Two excellent books offer definitive ideas about the creative dimension and how teachers can promote it, says Huw Thomas
It's difficult to oppose creativity in education but, having said that, we need to clarify where the creative path will take us. Anthony Wilson's Creativity in Primary Education provides a good starting point.
Taking a top-down approach, he opens this edited volume with an encouraging view of the way various Government strategies have positively promoted the creative dimension.
The book adopts a healthy stance towards national initiatives, such as Excellence and Enjoyment and the various strategies, acknowledging their strengths while also suggesting ways in which these starting points can now be extended to further the creative dimension of the subject they promote.
So, for example, Wilson acknowledges the positive contribution made by the literacy strategy to the range of poetry taught in schools, but then challenges us as to whether we are becoming very form-driven in our poetry teaching. "What matters to you more: that, say, the haikus your class writes all have the required number of syllables... or that they encapsulate and provoke a moment of reflection?"
Although it covers core and foundation subjects, this volume is literacy-heavy. However, the literacy techniques involved lend themselves to the creative application of language across the curriculum.
The chapters on creativity in PE and music are also worth highlighting, as both provide an interesting slant on subjects where creativity may be taken for granted. Sue Chedzoy's ideas on creativity in swimming are examples of the way these authors use their thorough knowledge of the subject to open new avenues for the rest of us.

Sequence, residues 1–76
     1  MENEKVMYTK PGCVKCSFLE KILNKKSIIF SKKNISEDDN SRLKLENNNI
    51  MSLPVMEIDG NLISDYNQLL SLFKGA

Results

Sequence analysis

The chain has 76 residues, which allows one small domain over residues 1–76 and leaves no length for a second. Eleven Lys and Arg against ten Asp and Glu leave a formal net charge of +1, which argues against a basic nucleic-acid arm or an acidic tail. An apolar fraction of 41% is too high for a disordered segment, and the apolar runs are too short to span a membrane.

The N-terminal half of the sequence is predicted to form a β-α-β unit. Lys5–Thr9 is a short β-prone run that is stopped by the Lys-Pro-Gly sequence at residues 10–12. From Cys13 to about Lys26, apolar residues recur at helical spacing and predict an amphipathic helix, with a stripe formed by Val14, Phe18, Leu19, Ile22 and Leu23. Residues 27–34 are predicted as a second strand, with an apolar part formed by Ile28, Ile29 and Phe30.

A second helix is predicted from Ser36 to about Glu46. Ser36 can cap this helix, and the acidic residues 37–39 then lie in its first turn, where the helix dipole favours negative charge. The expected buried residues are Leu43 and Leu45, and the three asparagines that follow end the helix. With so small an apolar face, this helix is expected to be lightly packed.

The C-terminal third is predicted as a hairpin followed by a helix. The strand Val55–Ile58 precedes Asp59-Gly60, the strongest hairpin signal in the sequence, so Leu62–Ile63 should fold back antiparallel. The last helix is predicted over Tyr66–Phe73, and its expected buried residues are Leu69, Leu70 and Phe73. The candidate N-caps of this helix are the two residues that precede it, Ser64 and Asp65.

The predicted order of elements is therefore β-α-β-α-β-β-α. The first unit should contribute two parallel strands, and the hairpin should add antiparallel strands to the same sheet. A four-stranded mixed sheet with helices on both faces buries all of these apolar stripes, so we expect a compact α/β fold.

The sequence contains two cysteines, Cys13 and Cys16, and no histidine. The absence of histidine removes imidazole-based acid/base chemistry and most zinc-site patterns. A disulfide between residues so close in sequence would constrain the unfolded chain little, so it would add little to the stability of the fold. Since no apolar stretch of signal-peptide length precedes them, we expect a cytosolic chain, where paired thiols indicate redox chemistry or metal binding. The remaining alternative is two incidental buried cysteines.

The volume promotes itself as being for trainee teachers and I would echo its usefulness for this audience, but it also has a wider relevance for anyone involved in whole-school development who particularly wants to explore a creative dimension.
Andrew Lambirth's Planning Creative Literacy Lessons finds an array of interesting creative paths within its one-subject focus. Lambirth suggests that creativity is a process in education and, as a result, risks being swept aside if teaching becomes too driven by the end product.
The contributors are fully engaged with the process. Each chapter provides a unit of work, many of them using texts that are not massively well covered in other resources. Here, for example, is an excellent guide to creative work on playscripts or science fiction. Each unit follows a pattern of immersing children in rich, creative encounters with the type of text being tackled through reading, drama and discussion.
Theresa Grainger's exploration of the short story involves a weekly outline of guidance that is teacher-friendly and inspirational.
The authors then move the class towards written work, having enthused teacher and children for the task.
While every chapter is worth reading, I want to point out three: the fun of approaching the Greek myths through the making of a popular magazine; the case made for using picture books to develop multimodal writers ready for a visual age at key stage 2; and Yvonne Stewart's chapter on working with novels.
The last example should be mentioned not only for the quality of its ideas, but for the way Stewart avoids the pitfall so many writers fall into of quoting children's literature only from the 1980s or earlier. She promotes the use of Louis Sachar's Holes, Philip Pullman's The Subtle Knife and other novels currently popular with children.
Both books make inspiring reading and give a clearer definition of the world of creativity, while also offering coherent maps to navigate it.
Huw Thomas is headteacher of Emmaus Primary School, Sheffield